A forensic pathologist has revealed he is still ‘puzzled’ by the mysterious circumstances around Brittany Murphy’s death.
The star died of ‘natural causes’ back in 2009 when she was 32, but new Investigation Discovery documentary titled Brittany Murphy: An ID Mystery is revisiting the rumours about her death.
And Dr Cyril Wecht has admitted that many questions he had about the way she died ‘were never truly answered’.
Officials declared her death was caused by pneumonia, anaemia and excessive use of prescription medications.
While her husband, screenwriter Simon Monjack, was found dead of the same cause five months later.
But in the documentary, forensic pathologist Dr Cyril Wecht – who was hired by Murphy’s father Angelo Bertolotti to investigate his daughter’s death – is interviewed about his suspicions.
Speaking to Fox News about the documentary, Wecht said about the original investigation: ‘What stood out to me was that here’s a young woman of 32 years old. How could she have developed such an advanced state pneumonia and such an incredible state of iron deficiency?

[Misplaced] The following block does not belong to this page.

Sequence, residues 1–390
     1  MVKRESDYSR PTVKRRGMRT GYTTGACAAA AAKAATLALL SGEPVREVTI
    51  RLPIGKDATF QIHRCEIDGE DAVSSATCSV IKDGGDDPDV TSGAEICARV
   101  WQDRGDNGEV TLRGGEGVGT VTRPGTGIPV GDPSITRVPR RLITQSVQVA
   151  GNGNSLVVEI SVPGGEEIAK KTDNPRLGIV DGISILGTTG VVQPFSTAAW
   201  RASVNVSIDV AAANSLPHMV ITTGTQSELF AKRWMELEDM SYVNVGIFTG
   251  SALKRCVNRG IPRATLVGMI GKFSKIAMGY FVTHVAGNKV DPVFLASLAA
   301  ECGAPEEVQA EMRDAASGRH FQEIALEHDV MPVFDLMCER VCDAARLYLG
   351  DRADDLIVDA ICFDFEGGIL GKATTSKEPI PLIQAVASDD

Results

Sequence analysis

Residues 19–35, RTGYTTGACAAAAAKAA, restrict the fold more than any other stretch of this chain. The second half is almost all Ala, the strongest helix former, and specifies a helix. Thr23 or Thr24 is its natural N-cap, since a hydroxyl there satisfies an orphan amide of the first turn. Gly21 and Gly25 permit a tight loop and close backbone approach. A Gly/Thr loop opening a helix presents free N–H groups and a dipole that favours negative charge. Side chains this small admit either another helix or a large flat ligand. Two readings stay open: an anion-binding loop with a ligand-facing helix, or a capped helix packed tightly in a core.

‘Where in the world was her mother, her husband? Why didn’t she receive proper medical care? I was just puzzled by all of it.’
He continued: ‘She had the financial means to see a doctor. And then she had prescriptions to strong opiates. It was very perplexing.’
A lab report commissioned by Bertolotti showed 10 potentially toxic heavy metals were present in a hair strand sample, which some think shows Murphy may have been poisoned.
Wecht claimed it is ‘impossible’ to rule out that Murphy was murdered.
He added: ‘I can only say what I’ve said before – it’s not possible to completely rule out things. But you have to deal with the questions – questions that I feel were never truly answered.’
However a toxicology expert who examined the results from the tests later told CNN that this theory was ridiculous, explaining that the different metals could have come from her hair dye.
Brittany’s mother Sharon also dismissed the claims, accusing her ex of trying to profit from their daughter’s death.
‘I have no choice now but to come forward in the face of inexcusable efforts to smear my daughter’s memory by a man who may be her biological father but was never a real father to her in her lifetime,’ she wrote in a piece for the Hollywood Reporter back in 2013.
She went on to say that the accusations were ‘based on the most flimsy of evidence and are more of an insult than an insight into what really happened.’
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